Old Cat Ollie, and the Price of Compassion

Last year my cat Jadzia went missing, and I searched everywhere for her. No body in the surrounding areas, no cat, nothing. She just disappeared. (Yes, she is chipped.)

My search for Jadzia involved repeated visits to many of the area animal shelters, especially the one in Berkeley California, my hometown. (We never found her. She’s still missing more than a year later.) There were two cats who were always there when I went to visit this shelter in Berkeley. They were always in a larger kennel with several other cats. One was a big black cat with a white “beard” who always looked as if he were scowling. The other was a slim and small tabby.

The volunteers told me they had both been there for months, having come in at the same time. Many cats had been adopted since they had gotten there, but they were both still there.

After seeing them still there again and again, I decided maybe it was time to help them out. I visited them in their kennel, and they were both very nice cats. The little tabby, who would eventually be named Sparky, was very friendly and playful. The big black guy, later to be named Ollie, was an older cat. They estimated that he was around fifteen years old. He was affectionate and liked to be petted, but it was obvious he was an elderly cat. He had a few health problems, which was not surprising given his age, but we decided to adopt him anyways.

Ollie was an active cat, and a gentle giant. He liked to lay on top of people. (Oof! He was a big cat.) At first he was kept inside, but gradually he got to go outside. Our house is in the Berkeley hills next to a creek bed, and there are plenty of places for a wandering cat to go an be entertained, and lots of places for cats to flop out in the sun. The people at the shelter told us about both cats: Sparky had been abandoned in an apartment. The landlord found him there after some tennants had moved out. But Ollie’s owners had passed away, and had apparently spoiled him. They had rigged up an elaborate series of mesh tunnels, netted areas, and tents so he could go outside of the house without wandering too far away. The animal control officer who had picked him up said he was quite impressed. He said the entire contraption was quite elaborate, and must have cost at least a grand to build.


Ollie in a basket. Yes, the house is a mess.

We didn’t have an elaborate series of mesh tunnels and tents or anything, but we did let him go outside after awhile. He wouldn’t go very far, sticking close to the house. He liked to lay in the sun or on the brick porch. It got to the point where he got to go outside regularly. (At least in the daytime. We kept the cats inside at night because our area has coyotes.)

A few months ago Ollie started developing problems. He was slowing down and losing weight, and then he started retaining fluids. The vet said it was his heart, and they prescribed a series of medications which kept Ollie going for awhile, but they were not optimistic, and for good reason. Ollie passed away this past week, only ten months after we adopted him.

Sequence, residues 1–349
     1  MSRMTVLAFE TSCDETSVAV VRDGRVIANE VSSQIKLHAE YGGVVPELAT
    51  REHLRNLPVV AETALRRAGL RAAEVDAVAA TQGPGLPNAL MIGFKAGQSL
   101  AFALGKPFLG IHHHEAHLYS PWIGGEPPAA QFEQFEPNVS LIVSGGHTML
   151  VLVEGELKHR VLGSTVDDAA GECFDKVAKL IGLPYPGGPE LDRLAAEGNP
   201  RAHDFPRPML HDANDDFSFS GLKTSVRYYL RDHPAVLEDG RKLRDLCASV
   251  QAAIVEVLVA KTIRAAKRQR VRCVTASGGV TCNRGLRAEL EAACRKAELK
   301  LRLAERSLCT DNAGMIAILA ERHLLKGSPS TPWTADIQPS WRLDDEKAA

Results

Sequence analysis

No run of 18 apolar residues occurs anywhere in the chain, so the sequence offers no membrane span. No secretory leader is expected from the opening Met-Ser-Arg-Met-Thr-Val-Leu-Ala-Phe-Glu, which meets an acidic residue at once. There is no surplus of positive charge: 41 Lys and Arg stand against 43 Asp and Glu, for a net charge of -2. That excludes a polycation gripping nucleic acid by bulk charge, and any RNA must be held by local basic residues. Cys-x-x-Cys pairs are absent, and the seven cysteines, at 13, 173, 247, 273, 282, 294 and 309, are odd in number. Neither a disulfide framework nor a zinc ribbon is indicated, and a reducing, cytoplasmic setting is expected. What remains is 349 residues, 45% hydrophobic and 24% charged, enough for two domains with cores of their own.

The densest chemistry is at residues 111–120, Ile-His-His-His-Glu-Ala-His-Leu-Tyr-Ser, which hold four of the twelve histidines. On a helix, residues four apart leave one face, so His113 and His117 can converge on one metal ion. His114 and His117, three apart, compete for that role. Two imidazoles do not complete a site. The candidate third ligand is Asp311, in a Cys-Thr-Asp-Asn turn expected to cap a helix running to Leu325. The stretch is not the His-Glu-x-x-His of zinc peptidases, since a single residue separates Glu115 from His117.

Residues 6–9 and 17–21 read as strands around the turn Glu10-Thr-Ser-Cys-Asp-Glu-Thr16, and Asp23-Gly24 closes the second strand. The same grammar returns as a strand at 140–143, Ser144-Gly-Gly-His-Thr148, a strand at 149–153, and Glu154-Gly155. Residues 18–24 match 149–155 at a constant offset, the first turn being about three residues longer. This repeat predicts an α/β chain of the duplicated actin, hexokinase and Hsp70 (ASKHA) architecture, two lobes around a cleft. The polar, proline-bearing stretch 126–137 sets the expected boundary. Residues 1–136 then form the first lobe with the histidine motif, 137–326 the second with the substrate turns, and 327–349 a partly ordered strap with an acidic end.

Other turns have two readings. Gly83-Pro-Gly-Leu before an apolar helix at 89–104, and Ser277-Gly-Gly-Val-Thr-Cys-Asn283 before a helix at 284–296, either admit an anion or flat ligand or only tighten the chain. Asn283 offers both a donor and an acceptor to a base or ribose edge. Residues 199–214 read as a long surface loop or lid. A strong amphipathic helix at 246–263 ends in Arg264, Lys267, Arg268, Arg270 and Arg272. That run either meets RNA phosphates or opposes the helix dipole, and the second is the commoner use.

Ollie had technically passed on because of congestive heart failure, but he was simply an old cat and it was his time. He obviously was very spoiled by his previous owners, both of whom did not manage to outlive their beloved cat. It is quite likely that if I had not gotten Ollie out of the shelter he may have spent the rest of his life there. I use to be a volunteer at a shelter. Adult cats are hard to adopt out. Elderly cats even more so. Kittens fly out the door, you can’t keep kittens around, but the older the cat the less likely they are to be adopted.

It was hard to see him go, but we knew what we were getting into. He was not long for this world, but instead of being cooped up inside a kennel at the shelter he got to go outside, lay on top of people, get lots of pettings, and be with his buddy from the shelter. As we laid him down to rest, I wondered what his previous owners would have thought of his fate, that someone had gotten their cat out of the shelter and managed to spoil him in his last year here on Earth. I hope that they would be happy to know how he got to live out his last year without them.

It’s an emotional toll, to lose a pet. Every passing takes a little piece out of you and makes the world look a little different. Ollie was no exception to that rule. But we did it. We set a big friendly cat free and let him really live, even though we knew the price would be an all-too quick heartbreak. It’s a burden, and it’s hard to ask other people to take on that kind of burden, but I really believe more people need to do things like this. Get the kittens for sure, but pick up an older guy if you can, and get him out of that shelter and let an old cat enjoy the rest of its time.


Ollie hanging out in the yard. He really liked
warm days when he could bask in the sun.

Author: termberkden

I am a writer, a software engineer, and a refugee from the punk/metal/new wave/my-God-what-did-we-do-last-night daze of 1980's and early 90's San Francisco scene. I write, I run, I actually stop and smell the roses, I meow back at cats, and I pet strange yet friendly dogs.

Leave a Reply

Your email address will not be published. Required fields are marked *